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On Blenders and Tax Assessments

The Nassau County Department of Assessment could learn a lot from Macy’s if they handled tax grievances the way the retailer deals with broken blenders. After all, in both instances we’re dealing with unhappy customers (taxpayers) who are frustrated with a defective product and want satisfaction. Unfortunately, the assessment department has never really considered those who have overpaid taxes as a result of assessment errors as aggrieved customers. Indeed, a recent report by the county assessor claimed that the hemorrhaging assessment system was not broken even while a recent Newsday article [“Millions in Refunds in Nassau”] observed that Nassau has paid out half a billion dollars in refunds between 2003 and ’08.

Back to my blender experience. A few years ago, I purchased one of these countertop appliances at Macy’s only to find out it didn’t work when I got it home.  Admittedly in a cranky mood, I returned to the department store ready to fight for a refund on my defective blender.  In true testament to sound customer service, a store clerk greeted me upon my return with a smile. And, after I explained what had happened, she apologized and cheerfully refunded my money. What the Macy’s representative did was not some mysterious retail strategy. Rather, it was common courtesy and emblematic of the right way to treat customers or anyone who has been sold a defective product (i.e., an erroneous assessment).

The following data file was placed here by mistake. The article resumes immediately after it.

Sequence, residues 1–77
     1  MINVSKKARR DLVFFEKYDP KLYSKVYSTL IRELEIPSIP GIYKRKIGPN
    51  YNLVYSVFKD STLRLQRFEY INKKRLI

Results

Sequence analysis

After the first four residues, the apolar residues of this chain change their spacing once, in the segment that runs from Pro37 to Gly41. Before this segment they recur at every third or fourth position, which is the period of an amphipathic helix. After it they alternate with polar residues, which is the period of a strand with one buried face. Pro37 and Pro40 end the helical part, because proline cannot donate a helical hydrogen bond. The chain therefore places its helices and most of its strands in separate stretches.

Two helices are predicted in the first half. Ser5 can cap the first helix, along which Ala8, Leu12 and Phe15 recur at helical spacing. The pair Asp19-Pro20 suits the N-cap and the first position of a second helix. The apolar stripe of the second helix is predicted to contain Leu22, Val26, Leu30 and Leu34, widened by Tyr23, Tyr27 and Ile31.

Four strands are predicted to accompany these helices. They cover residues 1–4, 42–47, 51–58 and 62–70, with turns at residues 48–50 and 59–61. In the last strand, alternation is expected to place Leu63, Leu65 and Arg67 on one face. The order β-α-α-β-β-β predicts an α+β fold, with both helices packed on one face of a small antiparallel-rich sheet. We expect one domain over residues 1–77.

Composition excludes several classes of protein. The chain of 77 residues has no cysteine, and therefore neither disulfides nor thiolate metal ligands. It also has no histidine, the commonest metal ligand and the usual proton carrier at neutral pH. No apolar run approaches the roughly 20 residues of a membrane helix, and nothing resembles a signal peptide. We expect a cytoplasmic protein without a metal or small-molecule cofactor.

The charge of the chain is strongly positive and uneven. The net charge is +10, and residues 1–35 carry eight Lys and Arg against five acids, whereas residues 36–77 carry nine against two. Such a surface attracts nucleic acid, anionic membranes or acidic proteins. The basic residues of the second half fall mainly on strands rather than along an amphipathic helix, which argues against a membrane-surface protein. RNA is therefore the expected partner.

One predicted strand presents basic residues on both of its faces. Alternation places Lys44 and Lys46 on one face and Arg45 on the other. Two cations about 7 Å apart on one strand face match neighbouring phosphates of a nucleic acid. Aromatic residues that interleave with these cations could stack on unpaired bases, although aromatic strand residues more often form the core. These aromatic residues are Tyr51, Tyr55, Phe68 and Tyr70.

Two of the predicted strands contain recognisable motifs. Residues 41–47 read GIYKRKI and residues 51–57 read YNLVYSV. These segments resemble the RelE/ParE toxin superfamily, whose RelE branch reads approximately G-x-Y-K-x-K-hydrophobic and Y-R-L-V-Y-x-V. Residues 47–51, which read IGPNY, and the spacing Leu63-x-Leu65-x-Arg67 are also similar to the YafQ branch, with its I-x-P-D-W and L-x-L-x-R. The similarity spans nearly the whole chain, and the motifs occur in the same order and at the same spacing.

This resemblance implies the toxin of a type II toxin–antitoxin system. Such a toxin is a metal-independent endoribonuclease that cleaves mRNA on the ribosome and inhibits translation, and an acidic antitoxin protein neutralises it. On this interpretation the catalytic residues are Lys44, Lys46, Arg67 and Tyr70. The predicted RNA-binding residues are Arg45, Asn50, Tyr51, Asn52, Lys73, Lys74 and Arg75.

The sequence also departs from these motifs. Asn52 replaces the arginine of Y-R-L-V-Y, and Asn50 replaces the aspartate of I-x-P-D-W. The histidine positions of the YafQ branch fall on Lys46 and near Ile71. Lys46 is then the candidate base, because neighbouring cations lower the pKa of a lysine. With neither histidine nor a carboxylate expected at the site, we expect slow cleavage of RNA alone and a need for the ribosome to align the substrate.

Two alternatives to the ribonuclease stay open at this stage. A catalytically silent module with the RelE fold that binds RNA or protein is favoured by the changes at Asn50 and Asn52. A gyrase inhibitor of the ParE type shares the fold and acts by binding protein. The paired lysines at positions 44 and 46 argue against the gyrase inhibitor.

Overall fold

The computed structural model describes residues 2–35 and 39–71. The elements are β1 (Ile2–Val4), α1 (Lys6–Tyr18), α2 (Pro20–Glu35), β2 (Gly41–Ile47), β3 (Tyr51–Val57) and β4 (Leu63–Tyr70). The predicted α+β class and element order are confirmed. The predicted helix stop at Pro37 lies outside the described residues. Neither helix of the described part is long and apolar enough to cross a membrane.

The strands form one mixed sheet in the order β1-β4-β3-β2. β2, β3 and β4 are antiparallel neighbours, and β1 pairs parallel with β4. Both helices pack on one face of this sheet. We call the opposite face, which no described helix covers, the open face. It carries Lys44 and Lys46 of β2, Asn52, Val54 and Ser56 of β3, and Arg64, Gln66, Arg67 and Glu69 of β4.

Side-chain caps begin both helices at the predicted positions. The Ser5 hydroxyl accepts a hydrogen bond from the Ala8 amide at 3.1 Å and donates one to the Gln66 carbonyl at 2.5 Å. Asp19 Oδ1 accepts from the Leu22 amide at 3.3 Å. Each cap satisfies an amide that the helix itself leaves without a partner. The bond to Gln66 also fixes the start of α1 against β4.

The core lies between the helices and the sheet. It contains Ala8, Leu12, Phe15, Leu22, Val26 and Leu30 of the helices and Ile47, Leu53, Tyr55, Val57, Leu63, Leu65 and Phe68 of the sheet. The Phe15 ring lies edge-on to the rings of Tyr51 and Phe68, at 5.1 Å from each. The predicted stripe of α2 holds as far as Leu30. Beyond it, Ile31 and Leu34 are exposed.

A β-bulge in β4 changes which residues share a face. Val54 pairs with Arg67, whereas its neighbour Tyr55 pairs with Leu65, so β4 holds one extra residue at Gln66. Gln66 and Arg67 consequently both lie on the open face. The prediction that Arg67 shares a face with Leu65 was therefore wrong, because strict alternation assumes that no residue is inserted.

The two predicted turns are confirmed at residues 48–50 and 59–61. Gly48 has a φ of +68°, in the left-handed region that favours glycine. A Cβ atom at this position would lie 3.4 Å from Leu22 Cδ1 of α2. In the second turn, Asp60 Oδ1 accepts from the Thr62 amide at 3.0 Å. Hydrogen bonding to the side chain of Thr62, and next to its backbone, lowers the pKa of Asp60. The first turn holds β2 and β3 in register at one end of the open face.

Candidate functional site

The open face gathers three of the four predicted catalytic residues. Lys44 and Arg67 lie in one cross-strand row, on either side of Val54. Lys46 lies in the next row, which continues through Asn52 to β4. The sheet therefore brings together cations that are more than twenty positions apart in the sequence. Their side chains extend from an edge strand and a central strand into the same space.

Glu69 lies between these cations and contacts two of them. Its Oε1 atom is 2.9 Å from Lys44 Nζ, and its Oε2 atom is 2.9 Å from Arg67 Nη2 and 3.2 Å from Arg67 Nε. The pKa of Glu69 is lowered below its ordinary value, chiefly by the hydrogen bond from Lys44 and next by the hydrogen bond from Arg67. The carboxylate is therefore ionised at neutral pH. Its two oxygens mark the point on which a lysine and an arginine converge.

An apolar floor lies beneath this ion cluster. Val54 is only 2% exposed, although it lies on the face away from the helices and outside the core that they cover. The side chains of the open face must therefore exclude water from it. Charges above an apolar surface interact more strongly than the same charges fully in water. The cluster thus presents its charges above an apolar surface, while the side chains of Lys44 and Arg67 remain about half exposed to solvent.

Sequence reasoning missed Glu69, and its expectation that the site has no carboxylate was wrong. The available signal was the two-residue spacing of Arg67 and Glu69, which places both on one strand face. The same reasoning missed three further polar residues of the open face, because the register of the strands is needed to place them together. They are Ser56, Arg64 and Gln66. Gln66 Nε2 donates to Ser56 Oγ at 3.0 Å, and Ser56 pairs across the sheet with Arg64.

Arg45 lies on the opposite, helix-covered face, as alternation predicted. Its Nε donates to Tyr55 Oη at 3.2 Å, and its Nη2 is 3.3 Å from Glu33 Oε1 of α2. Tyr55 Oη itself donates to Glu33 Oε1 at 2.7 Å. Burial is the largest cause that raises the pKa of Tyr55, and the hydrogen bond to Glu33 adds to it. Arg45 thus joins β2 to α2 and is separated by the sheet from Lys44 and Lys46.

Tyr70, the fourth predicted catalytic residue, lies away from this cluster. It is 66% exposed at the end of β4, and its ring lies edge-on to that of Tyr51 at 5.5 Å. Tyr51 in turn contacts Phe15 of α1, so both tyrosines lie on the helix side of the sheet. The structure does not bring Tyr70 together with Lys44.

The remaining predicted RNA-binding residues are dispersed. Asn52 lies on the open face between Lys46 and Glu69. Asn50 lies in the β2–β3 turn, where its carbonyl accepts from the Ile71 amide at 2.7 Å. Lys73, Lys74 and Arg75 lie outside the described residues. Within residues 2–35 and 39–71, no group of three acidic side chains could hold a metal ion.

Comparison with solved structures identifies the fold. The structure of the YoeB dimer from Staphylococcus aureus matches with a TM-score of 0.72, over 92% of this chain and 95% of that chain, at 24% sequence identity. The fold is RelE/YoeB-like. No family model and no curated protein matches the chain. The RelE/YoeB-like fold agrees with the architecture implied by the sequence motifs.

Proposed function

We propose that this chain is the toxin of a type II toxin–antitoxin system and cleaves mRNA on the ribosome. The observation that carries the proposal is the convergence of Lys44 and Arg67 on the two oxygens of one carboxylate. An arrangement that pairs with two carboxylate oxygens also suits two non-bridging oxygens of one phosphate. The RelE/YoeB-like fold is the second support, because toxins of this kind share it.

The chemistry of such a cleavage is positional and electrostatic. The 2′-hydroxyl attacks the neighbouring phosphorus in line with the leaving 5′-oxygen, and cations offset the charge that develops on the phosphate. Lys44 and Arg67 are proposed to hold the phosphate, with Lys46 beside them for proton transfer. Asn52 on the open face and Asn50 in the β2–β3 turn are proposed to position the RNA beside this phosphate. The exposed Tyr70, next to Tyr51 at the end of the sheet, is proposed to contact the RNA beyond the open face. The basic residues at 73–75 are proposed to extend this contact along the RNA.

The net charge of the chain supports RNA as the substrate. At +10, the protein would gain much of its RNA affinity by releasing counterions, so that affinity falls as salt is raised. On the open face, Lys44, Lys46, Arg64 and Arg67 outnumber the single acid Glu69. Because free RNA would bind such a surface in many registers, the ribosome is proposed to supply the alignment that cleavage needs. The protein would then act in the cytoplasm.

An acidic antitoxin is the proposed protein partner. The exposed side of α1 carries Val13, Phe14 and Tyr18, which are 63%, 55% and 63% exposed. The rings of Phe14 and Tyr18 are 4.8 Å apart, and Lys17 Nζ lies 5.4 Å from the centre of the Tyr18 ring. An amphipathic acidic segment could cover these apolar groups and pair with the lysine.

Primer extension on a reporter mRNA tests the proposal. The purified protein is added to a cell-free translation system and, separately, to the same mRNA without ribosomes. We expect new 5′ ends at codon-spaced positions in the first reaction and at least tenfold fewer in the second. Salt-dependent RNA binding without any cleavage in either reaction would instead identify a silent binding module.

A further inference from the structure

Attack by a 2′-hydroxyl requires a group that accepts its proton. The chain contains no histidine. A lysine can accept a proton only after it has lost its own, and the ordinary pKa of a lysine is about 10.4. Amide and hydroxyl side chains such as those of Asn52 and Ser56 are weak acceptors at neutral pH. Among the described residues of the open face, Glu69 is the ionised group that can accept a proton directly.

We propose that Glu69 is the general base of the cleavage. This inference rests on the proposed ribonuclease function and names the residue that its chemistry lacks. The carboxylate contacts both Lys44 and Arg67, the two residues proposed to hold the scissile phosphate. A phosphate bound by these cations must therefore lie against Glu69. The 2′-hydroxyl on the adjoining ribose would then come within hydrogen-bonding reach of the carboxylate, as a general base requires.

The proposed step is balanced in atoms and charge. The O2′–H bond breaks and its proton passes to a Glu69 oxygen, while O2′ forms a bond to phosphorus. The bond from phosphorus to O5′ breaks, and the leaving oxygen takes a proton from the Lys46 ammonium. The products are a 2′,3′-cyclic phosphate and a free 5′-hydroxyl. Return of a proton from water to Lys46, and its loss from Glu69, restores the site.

Unlike the Macy’s model for dealing with people who want satisfaction in seeking refunds for defective products (assessments in error), Nassau County has a slightly different approach … “Stop appealing your property tax assessments. That’s the public service message courtesy of Thaddeus Jankowski, Nassau County’s first appointed assessor,” [see Newsday column – “Residents Just Want to Know Tax System Works,” July 14, 2009]. What the county assessor has done is to add insult to injury by claiming his product isn’t broken, telling taxpayers that they shouldn’t challenge their assessments and attacking officials (including the town receiver of taxes and county legislators) for informing residents of their right to challenge an assessment if they believe it is wrong.

At the core of the problem with the assessor’s logic in blaming those who challenge their assessments for the staggering payouts on tax challenges is the fact that Nassau only pays an award if the property owner is over-assessed. Therefore, the $90 million in annual tax grievance refunds that Nassau pays out is based on the county’s errors. Consider the audacity of telling taxpayers not to seek redress for county mistakes that result in an overpayment of taxes.  You have to say this for Tax Assessor Jankowski – he has chutzpah!

Don’t you think if Macy’s was paying out $90 million per year in refunds for broken blenders they would have fixed the problem by now? Carrying forward reductions from one year to the next instead of immediately increasing assessments is something many in the tax grievance industry suggest as a possible remedy to the problem. Freezing assessments for a predetermined number of years (three to five years) has also been recommended as a possible mechanism to allow challenges to level off and provide an opportunity for assessment challenge adjustments to catch up with assessment department updates/revaluations. Finally, training county employees on how to actually operate a computer system for which the county has paid $50 million would be a good first step.

While I appreciate the difficulty of the tax assessor’s job, I think most residents will agree with me when I say that half a billion dollars in errors is enough. What’s more, fixing a broken assessment system should rely on productive and well-reasoned remedies, rather than blaming those who have been over-assessed for challenging their assessment.

Given the county assessor’s peculiar approach to customer service, Nassau property owners have to ask themselves, “Would you buy a blender from this man?”